Eating _____ will lead to death and cause ______ and you will ______….
Nutrition is a confusing topic, as there is endless info out there, and it can be quite hard to figure out what works and what is fake. The real answer for everything nutrition-related is “it depends” because the context of the person and their situation needs to be taken into account before deeming something appropriate or not for them.
However, there are a few nutrition related concepts that still seem to keep coming up, and need to be explained better, or just plain debunked.
Let’s get right to it.
1. Eating Clean is all that matters for health
Yes, eating a ton of processed junk food is not good for the body, and it will make you feel like garbage. However, when it comes to weight loss or control, it is all about the calorie.
There have been many instances of people losing weight on fast food diets, junk food diets, etc. BECAUSE they are creating a calorie deficit. What we don’t hear about is how their insides or blood levels look, but yes they lose weight.
In the same instance, if you only eat “clean” foods, but are still in a surplus, you will gain weight.
The reason junk food gets the bad rep is because it is much more calorically dense, and is much easier to over eat your calorie level.
Quantity (calories) controls your weight, quality (nutrients) is what has a bigger effect on your organ health, inside and out, blood labs, etc. Eat mostly healthy, natural foods, in a calorie deficit and you will lose fat AND feel great.
2. Carbs/Fat/Sugar/Etc. are THE reason we have a weight problem.
This goes back to #1. Yes, these foods are often over consumed by everyone, but you cannot blame one food group alone for weight gain.
There are diet gurus out there who still swear that if you cut out carbs, you can eat whatever you want and lose weight. Sorry, but if you are still eating more than you are burning you will not lose weight.
Overconsumption, and under activity are what leads to weight gain – not one nutrient alone.
That being said, there are people who will tolerate carbs or fats less optimally, and I will argue that carb intake should be dictated by multiple factors including, but not limited to, activity levels, fat storage areas, hormonal levels – and this is something you will need to take into consideration before just jumping on any random diet or macro numbers.
3. High Protein Diets Will Ruin Your Kidneys
There are exactly ZERO studies showing that high protein diets (even up to 1.5 grams/pound of bodyweight) are harmful on the body/kidneys in healthy individuals.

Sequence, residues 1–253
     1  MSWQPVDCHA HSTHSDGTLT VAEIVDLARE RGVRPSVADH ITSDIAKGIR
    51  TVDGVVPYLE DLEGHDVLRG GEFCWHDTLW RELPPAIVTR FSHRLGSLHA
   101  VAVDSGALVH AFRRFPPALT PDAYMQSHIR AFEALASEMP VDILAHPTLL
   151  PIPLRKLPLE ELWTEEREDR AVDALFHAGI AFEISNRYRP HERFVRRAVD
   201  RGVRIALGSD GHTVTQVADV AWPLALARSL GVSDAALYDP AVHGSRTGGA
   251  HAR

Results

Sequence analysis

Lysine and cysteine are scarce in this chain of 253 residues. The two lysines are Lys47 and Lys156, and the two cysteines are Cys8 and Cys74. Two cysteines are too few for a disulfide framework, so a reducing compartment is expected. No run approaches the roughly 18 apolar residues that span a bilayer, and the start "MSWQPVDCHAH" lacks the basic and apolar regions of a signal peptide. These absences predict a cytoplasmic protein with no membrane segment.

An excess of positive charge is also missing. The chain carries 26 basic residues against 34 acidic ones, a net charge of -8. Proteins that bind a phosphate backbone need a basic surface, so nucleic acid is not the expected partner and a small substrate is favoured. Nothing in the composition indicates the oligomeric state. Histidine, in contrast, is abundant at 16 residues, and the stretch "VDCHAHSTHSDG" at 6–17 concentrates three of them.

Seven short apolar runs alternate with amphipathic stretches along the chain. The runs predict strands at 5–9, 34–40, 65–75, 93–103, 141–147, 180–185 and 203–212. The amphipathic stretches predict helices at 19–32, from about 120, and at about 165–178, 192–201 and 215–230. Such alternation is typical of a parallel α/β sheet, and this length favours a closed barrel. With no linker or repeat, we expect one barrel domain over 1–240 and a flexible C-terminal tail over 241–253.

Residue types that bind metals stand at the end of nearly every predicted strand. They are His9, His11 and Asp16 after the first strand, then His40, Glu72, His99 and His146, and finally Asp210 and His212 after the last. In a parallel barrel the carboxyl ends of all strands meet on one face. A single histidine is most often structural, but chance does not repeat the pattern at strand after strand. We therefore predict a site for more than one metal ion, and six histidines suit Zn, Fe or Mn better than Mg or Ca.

Yes, if you have chronic kidney disease you need to watch your protein intake.
However, in individuals with healthy normal functioning kidneys, getting more protein in your diet helps with weight control, through satiety/fullness and will definitely help with muscle recovery and growth.
4. Eating carbs later in the day will make you fat.
There is no auto switch in the body that turns on at 7pm and magically turns carbs into body fat.
Eating carbs later in the day is especially important if you work out in the early morning on an empty stomach, as carbs are crucial for optimal performance during your workouts.
It still comes back to rule #1, and that if you are in a surplus – you will gain weight – no matter where those calories come from.
The caveat to this is that eating later in the day CAN indirectly lead to the potential for gaining more body fat. How?
If your body is still trying to digest food when you are trying to sleep, it could affect your sleep. When your sleep is disrupted to a certain point, this can lead to hormonal changes that increase hunger the next day, affect your bodies processing and cravings of sugar, and CAN lead to the potential to overeat.
It is best to try and not eat within 2 hours of bedtime for most people, but the only way to truly know if this affects you would be to monitor your sleep, resting heart rate, and sleeping body temperature.
5. You must eat 5-6 small meals in the day to rev up your metabolism
Every time you eat, your metabolic rate does increase SLIGHTLY for digestive purposes. However, studies have shown that there is no difference at the end of the day between groups that only eat 2-3 meals vs 5-6 small meals.
The most important point is that you need to do what works best for you.
If you have the time to stop and eat many small meals throughout the day, great.
If you are better off eating 3 square meals per day, do it.
You need to find what works best for you, and what you can do for the long-term.
Some days it might work better to eat small frequent meals because of your schedule, and some days you might have more time to sit down and enjoy bigger meals.
Referencing back to #1, again, it’s all about that total daily intake of calories.
I hope these tips can help you out, no matter what your goals are. Please don’t fall for the internet diet gurus who don’t have any sort of nutrition background and are just instagram trainers/nutritionists.
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Stay healthy my friends,